Commands by climatewarrior (4)

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Get IP address from domain
I'm not sure how reliable this command is, but it works for my needs. Here's also a variant using grep. nslookup www.example.com | grep "^Address: " | awk '{print $2}'

Insert a line at the top of a text file without sed or awk or bash loops
Yet another way to add a line at the top a of text file with the help of the tac command (reverse cat).

Print just line 4 from a textfile
this method should be the fastest

Burn a directory of mp3s to an audio cd.
This uses mpg123 to convert the files to wav before burning, but you can use mplayer or mencoder or ffmpeg or lame with the --decode option, or whatever you like.

Which processes are listening on a specific port (e.g. port 80)
swap out "80" for your port of interest. Can use port number or named ports e.g. "http"

install all archive file type apps in ubuntu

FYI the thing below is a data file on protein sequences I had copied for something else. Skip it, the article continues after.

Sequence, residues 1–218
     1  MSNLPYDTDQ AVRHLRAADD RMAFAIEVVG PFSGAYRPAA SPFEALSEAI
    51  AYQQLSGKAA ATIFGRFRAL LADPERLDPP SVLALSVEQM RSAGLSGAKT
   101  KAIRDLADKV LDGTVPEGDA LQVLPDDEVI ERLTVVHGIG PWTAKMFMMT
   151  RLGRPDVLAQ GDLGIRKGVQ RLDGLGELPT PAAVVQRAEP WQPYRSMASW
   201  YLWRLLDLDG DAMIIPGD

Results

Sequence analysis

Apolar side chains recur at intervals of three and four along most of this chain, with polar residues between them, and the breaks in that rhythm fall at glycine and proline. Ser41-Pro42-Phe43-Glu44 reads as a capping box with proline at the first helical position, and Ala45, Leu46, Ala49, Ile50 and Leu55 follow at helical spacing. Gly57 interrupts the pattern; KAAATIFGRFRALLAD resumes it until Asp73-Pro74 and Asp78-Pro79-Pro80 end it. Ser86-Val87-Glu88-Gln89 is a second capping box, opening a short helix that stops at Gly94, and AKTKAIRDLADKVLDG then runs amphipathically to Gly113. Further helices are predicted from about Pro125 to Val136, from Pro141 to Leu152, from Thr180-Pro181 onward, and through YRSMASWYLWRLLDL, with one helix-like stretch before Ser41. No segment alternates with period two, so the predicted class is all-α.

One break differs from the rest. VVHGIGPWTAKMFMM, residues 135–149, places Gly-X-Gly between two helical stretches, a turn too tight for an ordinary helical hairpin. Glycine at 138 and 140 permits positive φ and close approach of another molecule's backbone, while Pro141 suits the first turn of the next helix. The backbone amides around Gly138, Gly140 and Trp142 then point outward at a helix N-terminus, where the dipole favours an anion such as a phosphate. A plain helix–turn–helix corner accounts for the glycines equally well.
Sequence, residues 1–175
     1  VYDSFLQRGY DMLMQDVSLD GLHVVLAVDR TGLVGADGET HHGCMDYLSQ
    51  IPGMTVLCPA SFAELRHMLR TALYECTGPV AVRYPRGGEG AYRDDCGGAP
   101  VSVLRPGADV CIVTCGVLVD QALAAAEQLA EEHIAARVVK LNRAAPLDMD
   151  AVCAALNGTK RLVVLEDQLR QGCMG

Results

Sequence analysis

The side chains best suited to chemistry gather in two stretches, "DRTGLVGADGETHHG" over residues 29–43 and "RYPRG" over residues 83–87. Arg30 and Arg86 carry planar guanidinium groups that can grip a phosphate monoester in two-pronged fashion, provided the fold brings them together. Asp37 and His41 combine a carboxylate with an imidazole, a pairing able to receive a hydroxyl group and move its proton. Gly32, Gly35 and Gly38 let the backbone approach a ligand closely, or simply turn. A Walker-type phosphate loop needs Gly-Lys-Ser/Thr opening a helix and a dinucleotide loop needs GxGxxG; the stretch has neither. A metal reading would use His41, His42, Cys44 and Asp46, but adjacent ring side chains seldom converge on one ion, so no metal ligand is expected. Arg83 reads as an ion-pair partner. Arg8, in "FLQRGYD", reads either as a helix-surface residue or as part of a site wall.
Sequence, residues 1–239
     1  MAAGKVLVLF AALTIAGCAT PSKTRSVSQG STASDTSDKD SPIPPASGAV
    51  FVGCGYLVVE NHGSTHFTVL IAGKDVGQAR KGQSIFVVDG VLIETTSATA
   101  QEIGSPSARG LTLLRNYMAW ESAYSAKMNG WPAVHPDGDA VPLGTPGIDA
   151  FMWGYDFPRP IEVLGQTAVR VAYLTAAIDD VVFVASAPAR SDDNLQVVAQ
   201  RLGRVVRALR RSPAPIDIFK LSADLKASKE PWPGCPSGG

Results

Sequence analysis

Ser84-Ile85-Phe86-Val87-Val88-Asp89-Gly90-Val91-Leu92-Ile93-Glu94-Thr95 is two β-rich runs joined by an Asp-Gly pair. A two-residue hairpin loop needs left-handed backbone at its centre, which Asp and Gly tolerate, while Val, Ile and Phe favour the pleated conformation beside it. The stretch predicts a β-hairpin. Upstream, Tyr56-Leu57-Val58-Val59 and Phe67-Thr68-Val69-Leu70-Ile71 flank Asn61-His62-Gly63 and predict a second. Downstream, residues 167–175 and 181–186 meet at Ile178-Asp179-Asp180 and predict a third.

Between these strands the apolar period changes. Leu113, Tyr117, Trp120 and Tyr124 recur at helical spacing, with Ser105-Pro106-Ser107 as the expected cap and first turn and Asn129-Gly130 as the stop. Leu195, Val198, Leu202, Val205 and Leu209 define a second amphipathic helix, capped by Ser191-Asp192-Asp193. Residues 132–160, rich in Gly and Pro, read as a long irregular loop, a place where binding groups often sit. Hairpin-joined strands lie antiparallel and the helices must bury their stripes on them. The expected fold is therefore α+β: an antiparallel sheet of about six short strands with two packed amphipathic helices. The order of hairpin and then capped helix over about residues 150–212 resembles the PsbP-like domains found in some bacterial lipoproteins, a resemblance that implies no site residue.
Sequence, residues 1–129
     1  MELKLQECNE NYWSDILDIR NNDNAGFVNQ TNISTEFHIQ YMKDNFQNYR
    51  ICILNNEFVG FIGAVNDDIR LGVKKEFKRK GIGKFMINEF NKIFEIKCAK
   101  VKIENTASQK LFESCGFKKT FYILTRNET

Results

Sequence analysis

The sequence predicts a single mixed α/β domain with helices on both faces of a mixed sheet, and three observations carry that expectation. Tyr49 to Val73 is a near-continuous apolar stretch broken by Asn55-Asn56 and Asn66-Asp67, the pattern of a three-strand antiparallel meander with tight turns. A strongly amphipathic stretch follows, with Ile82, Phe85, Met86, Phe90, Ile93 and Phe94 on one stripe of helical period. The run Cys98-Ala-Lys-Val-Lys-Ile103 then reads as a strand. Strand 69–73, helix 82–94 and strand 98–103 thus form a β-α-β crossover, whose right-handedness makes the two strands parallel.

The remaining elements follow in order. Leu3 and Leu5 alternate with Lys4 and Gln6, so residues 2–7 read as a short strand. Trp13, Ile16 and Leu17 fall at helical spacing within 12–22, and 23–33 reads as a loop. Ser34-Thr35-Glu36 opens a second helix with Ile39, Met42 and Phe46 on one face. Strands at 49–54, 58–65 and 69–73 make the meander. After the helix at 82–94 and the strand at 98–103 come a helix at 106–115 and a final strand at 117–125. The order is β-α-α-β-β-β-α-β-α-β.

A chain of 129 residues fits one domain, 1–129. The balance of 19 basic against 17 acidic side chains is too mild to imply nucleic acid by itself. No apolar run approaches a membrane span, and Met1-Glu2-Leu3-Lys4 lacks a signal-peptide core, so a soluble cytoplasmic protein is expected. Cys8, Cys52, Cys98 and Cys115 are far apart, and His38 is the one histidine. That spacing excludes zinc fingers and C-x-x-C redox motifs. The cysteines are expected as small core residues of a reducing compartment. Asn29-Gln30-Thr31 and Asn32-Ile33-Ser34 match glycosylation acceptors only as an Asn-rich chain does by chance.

Add temporary entry to authorized_keys
If you frequently need to connect to your ubersecure mainframe from various uberunsafe machines, you have to face difficult decision: (a) type the password everytime during the session (lame), (b) add local public key to mainframes authorized_keys file (unsafe), (c) as above, but remove this key at the end of the session (pain in the a55). So let's say you save The Command to tempauth file in bin directory of your mainframe's account and make it executable. Then, while you're on one of these unsafe ones, do: $ cat $HOME/.ssh/id_rsa.pub|ssh 5z474n@mainframe.nl bin/tempauth 30 and password prompts stop the harassment for 30 minutes and you don't have to care to remove the unsafe key after that.

Write comments to your history.
A null operation with the name 'comment', allowing comments to be written to HISTFILE. Prepending '#' to a command will *not* write the command to the history file, although it will be available for the current session, thus '#' is not useful for keeping track of comments past the current session.

Print all /etc/passwd lines with duplicated uid
Prints all the lines in /etc/passwd belonging to users with a duplicated uid. It also adds the hostname to the beginning of the line. It's been tested in AIX, Solaris and Linux.

Using NMAP to check if a port is open or close
Using NMAP to check to see if port 22(SSH) is open on servers and network devices.


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